Polysaccharides and their related compounds are attracting much attention because of their potential for the applications as new functional materials in many research field such as medicines, pharmaceutics, foods, and cosmetics. Therefore, precision synthesis of new polysaccharides with well-defined structure is being increasingly important. For this purpose, enzymatic method is a very powerful tool because the reaction proceeds with highly stereo- and regiocontrolled manners. This book focuses on advances in the practical synthesis of polysaccharides by the phosphorylase-catalyzed chain-elongation on the basis of the viewpoint of polysaccharide engineering.
Table of Contents
General Scope for Enzymatic Tools in Engineering of Polysaccharide Materials
Phosphorylase-catalyzed enzymatic glycosylation
Phosphorylase-catalyzed enzymatic polymerization
Chemoenzymatic synthesis of amylose-grafted synthetic polymeric materials by phosphorylase catalysis
Chemoenzymatic synthesis of amylose-grafting heteropolysaccharide materials by phosphorylase catalysis
Preparation of nanostructured inclusion complexes in phosphorylase-catalyzed enzymatic polymerization ("Vine-twining polymerization")
Applications and material preparations by means of vine-twining polymerization by phosphorylase catalysis
Carbohydrate engineering by phosphorylase catalysis
Preparation of amylose-based nanomaterials by phosphorylase catalysis
Jun-ichi Kadokawa is professor at Kagoshima University, Japan, since 2004. He received his PhD from Tohoku University, Japan, in 1992. Then he joined Yamagata University, Japan, as a research associate. From 1996 to 1997, he worked as a visiting scientist at the Max Planck Institute for Polymer Research, Germany. Between 1999 and 2004, he was associate professor at Yamagata University and Tohoku University. Prof. Kadokawa is the recipient of the Award for Encouragement of Research in Polymer Science and the Cellulose Society of Japan Award.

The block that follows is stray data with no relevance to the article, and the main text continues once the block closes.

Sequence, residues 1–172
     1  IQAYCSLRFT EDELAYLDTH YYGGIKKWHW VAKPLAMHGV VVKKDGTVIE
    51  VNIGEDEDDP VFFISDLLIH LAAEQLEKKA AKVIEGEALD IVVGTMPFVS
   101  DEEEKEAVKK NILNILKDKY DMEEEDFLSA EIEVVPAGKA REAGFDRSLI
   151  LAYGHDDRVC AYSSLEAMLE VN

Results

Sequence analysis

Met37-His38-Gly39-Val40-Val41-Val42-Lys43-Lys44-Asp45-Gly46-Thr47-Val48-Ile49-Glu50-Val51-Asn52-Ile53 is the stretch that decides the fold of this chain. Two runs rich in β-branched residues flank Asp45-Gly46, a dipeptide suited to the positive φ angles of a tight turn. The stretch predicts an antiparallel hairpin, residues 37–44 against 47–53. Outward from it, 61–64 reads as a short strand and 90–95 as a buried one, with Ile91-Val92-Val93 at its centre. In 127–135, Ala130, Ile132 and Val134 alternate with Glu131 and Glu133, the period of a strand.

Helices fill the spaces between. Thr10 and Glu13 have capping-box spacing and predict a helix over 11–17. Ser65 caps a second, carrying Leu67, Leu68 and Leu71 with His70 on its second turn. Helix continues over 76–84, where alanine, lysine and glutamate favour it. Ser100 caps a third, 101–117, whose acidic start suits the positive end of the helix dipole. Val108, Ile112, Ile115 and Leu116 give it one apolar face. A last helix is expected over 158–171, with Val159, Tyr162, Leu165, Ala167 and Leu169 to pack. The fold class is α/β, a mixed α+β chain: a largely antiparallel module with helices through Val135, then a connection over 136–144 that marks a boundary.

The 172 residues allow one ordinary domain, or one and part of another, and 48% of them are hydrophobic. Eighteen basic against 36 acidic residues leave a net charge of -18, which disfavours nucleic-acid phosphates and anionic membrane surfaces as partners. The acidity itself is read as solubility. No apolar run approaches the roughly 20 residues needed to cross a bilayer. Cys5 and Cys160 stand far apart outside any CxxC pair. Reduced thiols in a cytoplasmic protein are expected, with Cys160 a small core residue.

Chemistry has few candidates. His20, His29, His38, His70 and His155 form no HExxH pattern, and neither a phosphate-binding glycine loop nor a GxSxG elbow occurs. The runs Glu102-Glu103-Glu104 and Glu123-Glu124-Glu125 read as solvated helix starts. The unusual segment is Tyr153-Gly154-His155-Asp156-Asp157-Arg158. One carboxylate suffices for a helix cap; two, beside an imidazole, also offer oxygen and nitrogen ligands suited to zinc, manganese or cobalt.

Yoshiro Kaneko received his doctor of engineering degree at Yamagata University in 2001. From 2001 to 2004, he worked as a postdoctoral fellow at Yamagata University and at the National Institute for Materials Science. From 2004 to 2010, he was an assistant professor at Kagoshima University. He has been working as an associate professor at Kagoshima University since 2010.
"This book covers a wide range of knowledge from the authors’ vast experience in the enzymatic synthesis of polysaccharides. The authors treat with authority subjects such as vine-twining polymerization and amylose-based nanomaterials, which are certain to catch the imagination of polymer chemists of all ages. The text will serve as a useful reference for years to come."
—Prof. Shin-ichiro Shoda, Tohoku University, Sendai, Japan
"Saccharide synthesis has been one of the most difficult processes in terms of the stereo- and regio-selectivity control due to the complicated structure, and actually polysaccharides were not successfully synthesized. The in vitro synthesis of saccharides in the past two decades, however, was made possible by employing enzymes as the catalyst. Hydrolases and phosphorylases are typical enzymes. This book focuses on phosphorylase-catalyzed chain elongation via glycosylation to produce poly- and oligo-saccharides having amylose chains. With these methods, it is now possible to readily prepare various new functional polysaccharide materials."
—Prof. Shiro Kobayashi, Kyoto Institute of Technology, Japan